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I shot my first wedding on it yesterday. Wifi and gps off. Battery life is waaaaayyyy shorter than the mkiii. About 4 hrs in and I only had 1/2 battery. I could shoot 1.5 weddings on the mkiii.

1

With my 5dmk3 I surely made about 2000 shots with 2 batteries and the batteries were still not empty. With the 5dmk4 I made 600 shots with 2 batteries and they where completely empty. All "special"-functions (gps, wifi etc.) were disabled, no endless photo-viewing on the display, no live-view-mode and btw the 5dmk4 runs with the newer, stronger battery (LP-E6N) compared to my 5dmk3 with the older LP-E6.

  • Similar experience here. The newer battery isn't much stronger, I suspect it has additional discharge protections - two of my LP-E6 batteries were trashed after sitting in the mk4 with it sleeping and GPS mode 2 – Sten Petrov Oct 11 '16 at 17:01
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I have similar problems with my 5D markVI. When I put a fully charged battery in the camera, the capacity first runs down about 1 percent per photo. This goes on for at least the first 20 photos/percent. Except for clicking, all I do is I push some other buttons. I tried live view for less than 10 clicks. The draining seems to slow down a bit after the first 20, but I can't take four shots without losing one percent of battery.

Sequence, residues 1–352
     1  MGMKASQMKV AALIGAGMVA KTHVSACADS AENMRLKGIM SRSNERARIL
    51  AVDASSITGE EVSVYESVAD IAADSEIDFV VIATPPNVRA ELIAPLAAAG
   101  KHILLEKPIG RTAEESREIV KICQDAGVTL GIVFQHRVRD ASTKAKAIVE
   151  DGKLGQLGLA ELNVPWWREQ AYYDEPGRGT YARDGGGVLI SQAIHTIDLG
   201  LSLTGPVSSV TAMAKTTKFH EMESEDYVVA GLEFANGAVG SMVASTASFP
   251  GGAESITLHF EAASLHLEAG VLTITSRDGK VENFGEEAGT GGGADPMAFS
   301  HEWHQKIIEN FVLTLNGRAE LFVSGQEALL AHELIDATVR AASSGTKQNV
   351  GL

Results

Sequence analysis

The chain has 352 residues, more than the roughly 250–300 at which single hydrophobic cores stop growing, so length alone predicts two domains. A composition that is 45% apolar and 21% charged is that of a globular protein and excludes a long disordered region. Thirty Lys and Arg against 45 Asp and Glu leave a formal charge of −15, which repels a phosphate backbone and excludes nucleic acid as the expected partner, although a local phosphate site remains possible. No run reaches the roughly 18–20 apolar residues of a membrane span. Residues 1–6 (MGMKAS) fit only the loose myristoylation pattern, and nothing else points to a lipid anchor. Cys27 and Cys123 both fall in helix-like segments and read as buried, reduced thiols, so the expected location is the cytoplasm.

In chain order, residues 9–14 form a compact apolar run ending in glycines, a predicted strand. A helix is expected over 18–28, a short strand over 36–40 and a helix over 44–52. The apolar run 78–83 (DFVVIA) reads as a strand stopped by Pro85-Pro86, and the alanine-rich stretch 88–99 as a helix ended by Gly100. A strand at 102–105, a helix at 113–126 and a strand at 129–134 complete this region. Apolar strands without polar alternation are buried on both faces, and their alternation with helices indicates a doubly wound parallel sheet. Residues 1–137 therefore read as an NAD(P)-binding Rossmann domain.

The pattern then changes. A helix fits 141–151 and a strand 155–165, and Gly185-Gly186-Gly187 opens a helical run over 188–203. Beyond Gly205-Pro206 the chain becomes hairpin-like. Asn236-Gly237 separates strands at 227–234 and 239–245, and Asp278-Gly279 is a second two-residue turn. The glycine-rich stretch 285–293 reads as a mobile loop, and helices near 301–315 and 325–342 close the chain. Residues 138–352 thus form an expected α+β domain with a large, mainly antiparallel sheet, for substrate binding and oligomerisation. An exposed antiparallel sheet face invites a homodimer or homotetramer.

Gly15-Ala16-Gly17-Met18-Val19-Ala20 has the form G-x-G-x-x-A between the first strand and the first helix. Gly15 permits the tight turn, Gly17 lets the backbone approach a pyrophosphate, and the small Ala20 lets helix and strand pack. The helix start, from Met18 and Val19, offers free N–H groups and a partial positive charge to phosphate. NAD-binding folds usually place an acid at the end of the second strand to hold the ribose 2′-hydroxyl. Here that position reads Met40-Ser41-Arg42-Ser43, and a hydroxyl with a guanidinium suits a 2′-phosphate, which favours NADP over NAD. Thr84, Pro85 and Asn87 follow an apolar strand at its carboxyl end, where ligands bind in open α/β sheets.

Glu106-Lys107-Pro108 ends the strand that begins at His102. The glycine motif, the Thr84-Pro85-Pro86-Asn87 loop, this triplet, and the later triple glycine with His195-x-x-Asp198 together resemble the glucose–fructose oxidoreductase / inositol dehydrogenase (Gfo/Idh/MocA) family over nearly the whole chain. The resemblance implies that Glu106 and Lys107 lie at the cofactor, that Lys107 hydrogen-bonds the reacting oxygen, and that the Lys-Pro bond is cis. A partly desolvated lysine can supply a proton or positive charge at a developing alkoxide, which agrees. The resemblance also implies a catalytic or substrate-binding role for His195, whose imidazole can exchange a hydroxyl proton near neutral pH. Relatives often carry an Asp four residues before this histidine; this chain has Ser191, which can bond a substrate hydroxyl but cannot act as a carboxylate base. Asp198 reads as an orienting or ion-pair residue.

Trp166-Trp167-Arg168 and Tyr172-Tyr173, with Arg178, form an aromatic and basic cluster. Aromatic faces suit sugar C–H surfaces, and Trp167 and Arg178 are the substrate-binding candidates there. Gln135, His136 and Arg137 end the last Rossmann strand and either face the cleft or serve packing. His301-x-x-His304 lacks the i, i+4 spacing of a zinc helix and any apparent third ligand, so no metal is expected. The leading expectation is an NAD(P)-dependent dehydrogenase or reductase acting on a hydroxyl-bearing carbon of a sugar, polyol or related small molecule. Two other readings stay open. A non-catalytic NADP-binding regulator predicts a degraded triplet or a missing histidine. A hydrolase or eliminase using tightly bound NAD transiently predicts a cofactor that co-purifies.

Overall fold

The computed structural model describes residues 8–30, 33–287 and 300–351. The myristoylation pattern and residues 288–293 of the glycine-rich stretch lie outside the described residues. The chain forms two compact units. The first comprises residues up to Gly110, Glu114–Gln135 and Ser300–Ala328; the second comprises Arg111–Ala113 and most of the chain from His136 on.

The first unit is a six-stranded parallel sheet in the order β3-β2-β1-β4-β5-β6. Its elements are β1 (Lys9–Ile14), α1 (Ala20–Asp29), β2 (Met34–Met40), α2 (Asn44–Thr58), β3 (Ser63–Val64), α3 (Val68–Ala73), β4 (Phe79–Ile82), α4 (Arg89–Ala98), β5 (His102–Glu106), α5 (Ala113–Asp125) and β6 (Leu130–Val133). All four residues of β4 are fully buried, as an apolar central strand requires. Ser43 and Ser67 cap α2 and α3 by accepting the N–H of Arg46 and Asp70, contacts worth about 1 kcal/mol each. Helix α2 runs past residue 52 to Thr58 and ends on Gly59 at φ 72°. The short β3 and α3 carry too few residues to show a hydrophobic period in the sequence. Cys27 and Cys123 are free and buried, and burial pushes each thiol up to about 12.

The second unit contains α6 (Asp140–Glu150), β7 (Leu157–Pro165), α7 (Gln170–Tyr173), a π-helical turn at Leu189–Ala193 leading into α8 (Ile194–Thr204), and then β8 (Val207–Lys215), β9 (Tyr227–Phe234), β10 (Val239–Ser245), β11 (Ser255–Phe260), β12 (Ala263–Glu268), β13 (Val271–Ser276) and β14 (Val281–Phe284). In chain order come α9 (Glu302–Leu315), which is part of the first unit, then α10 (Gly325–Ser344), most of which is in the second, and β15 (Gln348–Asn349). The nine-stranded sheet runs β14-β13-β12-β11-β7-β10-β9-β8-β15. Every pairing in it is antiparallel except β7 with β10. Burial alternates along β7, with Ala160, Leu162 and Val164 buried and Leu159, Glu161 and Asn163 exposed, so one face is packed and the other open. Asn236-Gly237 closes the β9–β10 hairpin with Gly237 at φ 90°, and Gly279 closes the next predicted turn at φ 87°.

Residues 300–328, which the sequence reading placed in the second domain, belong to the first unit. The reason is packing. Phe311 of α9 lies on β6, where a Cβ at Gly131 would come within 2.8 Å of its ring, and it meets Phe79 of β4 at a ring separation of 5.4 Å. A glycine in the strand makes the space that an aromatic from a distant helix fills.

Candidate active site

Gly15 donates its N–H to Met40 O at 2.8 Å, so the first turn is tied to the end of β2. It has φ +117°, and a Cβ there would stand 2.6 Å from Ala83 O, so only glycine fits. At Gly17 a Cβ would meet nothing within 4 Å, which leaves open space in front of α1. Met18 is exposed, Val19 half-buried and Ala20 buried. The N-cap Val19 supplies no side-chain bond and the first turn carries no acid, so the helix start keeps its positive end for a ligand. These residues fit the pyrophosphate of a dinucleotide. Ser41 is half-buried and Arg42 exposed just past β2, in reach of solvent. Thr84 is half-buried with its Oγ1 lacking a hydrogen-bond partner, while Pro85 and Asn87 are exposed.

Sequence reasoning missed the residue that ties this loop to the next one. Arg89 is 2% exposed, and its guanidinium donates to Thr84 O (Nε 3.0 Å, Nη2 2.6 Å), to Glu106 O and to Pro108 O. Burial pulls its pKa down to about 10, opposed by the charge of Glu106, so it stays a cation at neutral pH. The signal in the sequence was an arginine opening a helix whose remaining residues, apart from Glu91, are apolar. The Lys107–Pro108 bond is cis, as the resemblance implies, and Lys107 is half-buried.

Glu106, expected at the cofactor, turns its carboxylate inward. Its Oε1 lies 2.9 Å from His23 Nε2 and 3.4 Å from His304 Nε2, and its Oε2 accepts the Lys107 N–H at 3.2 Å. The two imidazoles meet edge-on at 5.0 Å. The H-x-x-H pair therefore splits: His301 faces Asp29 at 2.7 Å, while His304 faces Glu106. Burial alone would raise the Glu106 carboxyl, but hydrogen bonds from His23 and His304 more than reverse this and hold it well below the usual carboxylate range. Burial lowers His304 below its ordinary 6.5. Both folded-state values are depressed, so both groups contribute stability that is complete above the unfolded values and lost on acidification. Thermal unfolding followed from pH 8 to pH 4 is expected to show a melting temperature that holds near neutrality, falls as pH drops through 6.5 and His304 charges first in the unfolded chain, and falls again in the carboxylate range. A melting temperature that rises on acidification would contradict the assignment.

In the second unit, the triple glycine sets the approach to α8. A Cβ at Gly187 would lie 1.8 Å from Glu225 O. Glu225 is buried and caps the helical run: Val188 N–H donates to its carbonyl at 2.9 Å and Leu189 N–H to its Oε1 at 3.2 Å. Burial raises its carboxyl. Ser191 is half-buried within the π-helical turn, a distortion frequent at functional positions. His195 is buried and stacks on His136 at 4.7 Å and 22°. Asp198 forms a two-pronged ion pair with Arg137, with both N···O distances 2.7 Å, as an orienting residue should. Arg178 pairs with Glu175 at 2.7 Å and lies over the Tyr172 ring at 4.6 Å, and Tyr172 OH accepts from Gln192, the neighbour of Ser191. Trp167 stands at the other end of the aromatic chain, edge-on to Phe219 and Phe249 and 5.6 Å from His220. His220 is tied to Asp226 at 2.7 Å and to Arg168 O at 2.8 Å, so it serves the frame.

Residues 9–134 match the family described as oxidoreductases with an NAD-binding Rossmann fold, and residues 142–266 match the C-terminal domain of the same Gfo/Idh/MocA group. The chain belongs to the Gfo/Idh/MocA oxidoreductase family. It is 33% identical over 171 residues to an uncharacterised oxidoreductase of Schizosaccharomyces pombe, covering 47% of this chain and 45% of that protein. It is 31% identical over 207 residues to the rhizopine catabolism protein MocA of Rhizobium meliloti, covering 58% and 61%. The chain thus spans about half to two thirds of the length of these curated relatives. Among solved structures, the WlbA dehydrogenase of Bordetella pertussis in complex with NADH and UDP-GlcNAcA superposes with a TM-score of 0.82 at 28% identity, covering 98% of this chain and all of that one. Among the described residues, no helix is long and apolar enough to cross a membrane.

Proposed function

But with the first fully loaded battery I could make only 116 photos. Gps was on mode 1 then (wifi off). When I put it aside for a few days (after shooting the first 114), I only had enough power to shoot 2 more photos.

So I started to test and monitor. I switched gps mode to 2 (wifi off), and turned off the camera after taking two or three pictures. Several times I noticed that it was quickly losing power even when the camera was off in between. Running empty while off stopped after I had only 56% power left. This round (still not doing anything special) I came to 117 clicks.

Then I took a battery that I am using for years in my MarkII, in which it still works perfectly. But in the MarkIV it functioning about as bad as the new battery, prognosis are that I can shoot 156 photo's with it while gps turned of totally. The lens I used also doesn't drain a battery in a MarkII, so I guess it's not to blame for the poor results either. I think that leaves the 5D MarkIV itself as the only possible wrong-doer.

Imagine how much batteries you have to take on a wedding shoot or on your documentary trip with this battery behaviour. This is not how its meant to be, so I am going to contact my dealer and I'll let you know when I know some more.

  • I'd contact Canon support for this. I though my 220-250 pictures was bad... – Sten Petrov Oct 13 '16 at 18:31
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My 7d runs far longer for timelapses on a battery then my 5d4 :( Magic latern does the trick on the 7d, even with wifi and gps off the 5d4 sucks big time on battery usage. I can not comment on 5dIII, never had one. So my 7d is a keeper for timelaps unless magic latern does something with the new 5d4.The 5d4 does make much better photo's and that is not just due to full-frame. God this one instead of the new 7d II. 10.000 iso is still giving me usable shots :)

0

Since Canon released firmware version 1.0.3 for the 5D Mark IV in late November, 2016 a number of users have reported that some of the battery life issues, particularly those associated with certain lenses, have been improved.

Canon makes no mention of improved battery performance in the description of the update but does reference better communication with Canon extenders. Poor battery performance when using extenders was one of the early complaints for some 5D Mark IV users.